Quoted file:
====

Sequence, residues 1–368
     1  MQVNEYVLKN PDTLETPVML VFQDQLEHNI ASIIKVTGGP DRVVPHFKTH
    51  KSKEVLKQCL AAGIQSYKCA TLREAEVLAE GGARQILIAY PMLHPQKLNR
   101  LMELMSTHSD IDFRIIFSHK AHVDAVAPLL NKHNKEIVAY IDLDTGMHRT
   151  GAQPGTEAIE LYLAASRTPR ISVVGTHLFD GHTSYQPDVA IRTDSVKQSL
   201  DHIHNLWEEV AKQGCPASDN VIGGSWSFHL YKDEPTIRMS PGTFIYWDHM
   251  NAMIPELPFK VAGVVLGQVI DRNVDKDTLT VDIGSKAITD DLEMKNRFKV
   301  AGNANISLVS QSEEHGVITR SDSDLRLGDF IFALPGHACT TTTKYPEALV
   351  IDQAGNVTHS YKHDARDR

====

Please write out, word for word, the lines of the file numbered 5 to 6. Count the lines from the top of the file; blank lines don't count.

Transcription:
   151  GAQPGTEAIE LYLAASRTPR ISVVGTHLFD GHTSYQPDVA IRTDSVKQSL
   201  DHIHNLWEEV AKQGCPASDN VIGGSWSFHL YKDEPTIRMS PGTFIYWDHM